Of course, with every conversation comes the possibility of misunderstanding. That’s why trust is so important. For me, the idea of giving people “the benefit of the doubt” (like umpires in cricket), has become really important in the last few years. If I’m not sure of someone’s intentions, either ask them to expand on what they are saying, or just assume they have good intentions.

Of course some people makes comments just to “get a rise.” It’s a part of the Australian “sense of humour” that I am not found of. The funny thing is, often when you treat someone who is doing that as though they were trying to actually have a conversation, it either defuses the humour or, more often, leads to a real conversation.

One thing I am starting to wonder about is that some people I now in the real world, who either view blogs harshly, or struggle with the idea of blog comments, often have a very regulated view of conversations (lots of rules, not easy to question, etc). With any open format communication like blog comments, or fora, we can’t have too many rules we expect others to follow.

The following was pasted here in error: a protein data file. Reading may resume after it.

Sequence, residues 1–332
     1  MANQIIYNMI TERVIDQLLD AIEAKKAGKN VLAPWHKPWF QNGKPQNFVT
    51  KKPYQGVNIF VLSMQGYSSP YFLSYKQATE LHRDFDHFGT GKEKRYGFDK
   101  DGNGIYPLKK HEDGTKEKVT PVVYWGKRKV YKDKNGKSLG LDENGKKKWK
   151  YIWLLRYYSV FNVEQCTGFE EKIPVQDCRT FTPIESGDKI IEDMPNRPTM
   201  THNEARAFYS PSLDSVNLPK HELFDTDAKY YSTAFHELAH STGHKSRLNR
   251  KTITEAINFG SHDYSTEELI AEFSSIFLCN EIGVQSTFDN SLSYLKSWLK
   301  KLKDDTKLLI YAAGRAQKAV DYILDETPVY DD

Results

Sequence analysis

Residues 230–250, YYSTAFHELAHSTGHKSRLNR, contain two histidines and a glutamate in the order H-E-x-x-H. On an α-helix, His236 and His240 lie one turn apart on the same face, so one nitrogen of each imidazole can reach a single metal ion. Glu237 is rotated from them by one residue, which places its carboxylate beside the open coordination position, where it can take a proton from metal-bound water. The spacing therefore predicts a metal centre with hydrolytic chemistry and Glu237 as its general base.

Blogging is not like preaching.

John Smulo 16 years ago

Yeah, blogging is not like preaching. And all the reasons it is not like preaching, are the reasons that I most like about blogging. What does this say to me about this preaching I do most weeks? Not sure.

Preaching to me is like blogs with comments, and I really dislike blogs without comments.

I like when people agree with my blog posts, I like when they partially agree, and I really am fine when they totally disagree. But I’m not fine with people who go beyond disagreement to personal attack. I’ve had so much of this, particularly with the stuff I’ve written on new religious movements, as well as my view of women and the church, that I’m more nervous than I wish I was to be as publicly open about some things. Sad, but true.

John Smulo 16 years ago

Let me try that again: Preaching to me is like blogs without comments, and I really dislike blogs without comments.

Fernando Gros 16 years ago